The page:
My morning was a bit of a whirlwind with showings, errands to run, and several meetings which spilled over into the afternoon. Weather-wise, it appears this week is going to be a pleasant one, and hopefully there’ll be more showings and sales of my listings. I’m still rooting for 305 W. North in Manly to get sold more sooner than later because it really offers more bang for the buck than other homes in its competing price range.
It looks like we’re still getting quite a bit of activity on 402 – 21st St. SE here in Mason City, and likely so due to it being priced to sell. I still have my bets on one of those young couples in attendance at my public open house on Saturday, and have it snapped up before anyone else. It truly is a great long-term investment opportunity.
I’m sure the bank foreclosure that hit the market last week is already under contract, but nearly all who’ve ever purchased one of those unctuous living quarters, experienced far more expense and additional headaches after they paid their money and took possession.
When involved in the very few I’ve sold over the years, yours truly always warned the buyers that they’re likely buying a pig in a poke, and to always remember I mentioned it whenever finding just one more hidden defect in need of immediate fixing. Just remember, bank foreclosures are relieved from providing sellers’ disclosures which immediately raises a red flag with me.
One that I was involved in some years ago had major plumbing and electrical issues to where the buyers nearly had to take out another loan to get those repairs done just so they could finally move in. I was convinced the previous owner became hateful towards the bank that was foreclosing on him, so he figured he was going to get his un-warranted revenge. Even today, buyers looking at those distressed properties think they’re getting a steal of a deal, but refuse to realize there are underlying reasons they’re priced so low.
Personally, I would rather buy a home at a discount that hasn’t been updated for generations, instead of purchasing one where I’d have to un-do and then re-do numerous so-called “improvements” that previous owners had made prior to a bank taking it in on inventory.
One big question that often hits me, is why people who’re being foreclosed on, don’t just clean them up and list them for sale at a reduced price so to at least get enough to pay their loan off. I see this scenario far too often to where there’ll be a day when I’ll start asking questions regarding the reasons why they just didn’t sell them when they had their chances, and possibly keep from getting long-term hickeys on their credit reports.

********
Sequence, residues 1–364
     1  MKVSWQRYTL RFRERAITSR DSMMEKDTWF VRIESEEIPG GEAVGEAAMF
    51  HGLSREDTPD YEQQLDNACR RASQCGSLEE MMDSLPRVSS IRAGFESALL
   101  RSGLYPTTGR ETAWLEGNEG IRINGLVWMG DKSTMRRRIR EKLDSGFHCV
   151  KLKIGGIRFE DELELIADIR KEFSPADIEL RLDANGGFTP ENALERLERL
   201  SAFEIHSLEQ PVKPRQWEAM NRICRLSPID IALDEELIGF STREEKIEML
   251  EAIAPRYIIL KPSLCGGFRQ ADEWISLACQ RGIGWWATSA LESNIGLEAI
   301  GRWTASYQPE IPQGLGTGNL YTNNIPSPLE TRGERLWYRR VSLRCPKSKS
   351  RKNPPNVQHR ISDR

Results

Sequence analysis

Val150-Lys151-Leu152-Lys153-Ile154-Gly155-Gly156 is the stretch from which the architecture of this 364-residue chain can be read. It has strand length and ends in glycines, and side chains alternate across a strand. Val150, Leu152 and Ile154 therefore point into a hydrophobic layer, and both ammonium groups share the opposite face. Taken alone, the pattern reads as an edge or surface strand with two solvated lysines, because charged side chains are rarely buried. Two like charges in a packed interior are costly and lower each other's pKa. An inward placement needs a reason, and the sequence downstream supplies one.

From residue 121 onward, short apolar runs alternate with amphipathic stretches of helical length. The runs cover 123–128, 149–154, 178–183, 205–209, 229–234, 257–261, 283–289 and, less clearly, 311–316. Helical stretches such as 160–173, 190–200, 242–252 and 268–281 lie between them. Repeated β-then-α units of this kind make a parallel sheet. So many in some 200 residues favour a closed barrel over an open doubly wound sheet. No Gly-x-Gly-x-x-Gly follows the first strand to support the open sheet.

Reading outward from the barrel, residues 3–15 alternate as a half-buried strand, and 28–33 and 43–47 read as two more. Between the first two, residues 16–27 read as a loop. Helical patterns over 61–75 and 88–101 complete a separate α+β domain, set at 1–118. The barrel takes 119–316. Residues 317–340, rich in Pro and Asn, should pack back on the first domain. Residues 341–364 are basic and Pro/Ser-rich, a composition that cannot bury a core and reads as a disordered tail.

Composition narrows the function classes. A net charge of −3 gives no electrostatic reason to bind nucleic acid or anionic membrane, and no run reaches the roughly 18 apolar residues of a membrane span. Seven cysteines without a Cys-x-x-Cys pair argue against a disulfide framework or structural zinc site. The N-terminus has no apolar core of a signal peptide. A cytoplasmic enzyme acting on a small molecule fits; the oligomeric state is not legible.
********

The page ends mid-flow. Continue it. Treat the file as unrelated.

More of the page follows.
One of my loyal and faithful clients called for advice today regarding his possibly listing his home and moving to the Twin Cities. His reasons for wanting to move were similar to what I’ve heard from others, and the main one being, “There’s no opportunity for advancement in our limited job market.” I couldn’t help but agree with him, but did ask him to make absolutely sure it’s what he wants to do, as well as getting hired by a company up there that specializes in his field of expertise. I know how worrisome he is, and making that big of a life decision without a job in place, would send him into a psychological spiral.
I have an appointment to re-list a commercial property tomorrow and it’s going to be priced many thousands lower to where it should get sold more sooner than later. Since it’s in a great location, I’m confident it’ll sell to a speculative investor for future profit.
Several days ago I got a good laugh out of a conversation I had with several people whose family I’ve worked with for a number of years. As he and his wife were walking out, he stopped me and said, “You know Joe, I’ve decided that you’re an idealist, but there are also times when I’ve found you to be a realists which sounds sort of conflicting doesn’t it?”
After getting a good chuckle I said, “Well, you’ve discovered the tug-of-war that’s been going on in my core since I came down the chute, but now that you mention it, perhaps you can now brand me as a realistic idealist.” He and his wife seemed to be OK with my new MO, so I guess that’s what I’ll work all the harder at becoming.
Now let’s think about how a realistic idealist would function in society. Let’s hope that one would be realistic about a given situation, but work at making it better in an idealistic fashion. It sounds almost like what I’ve told people in certain situations which goes, “Be sure to prepare for the worst, but continue working and hoping for the best.” What do you think?
Tonight’s one-liner is: It’s best to develop a passion for learning early on in life, because you’ll later find that you’ve never stopped growing.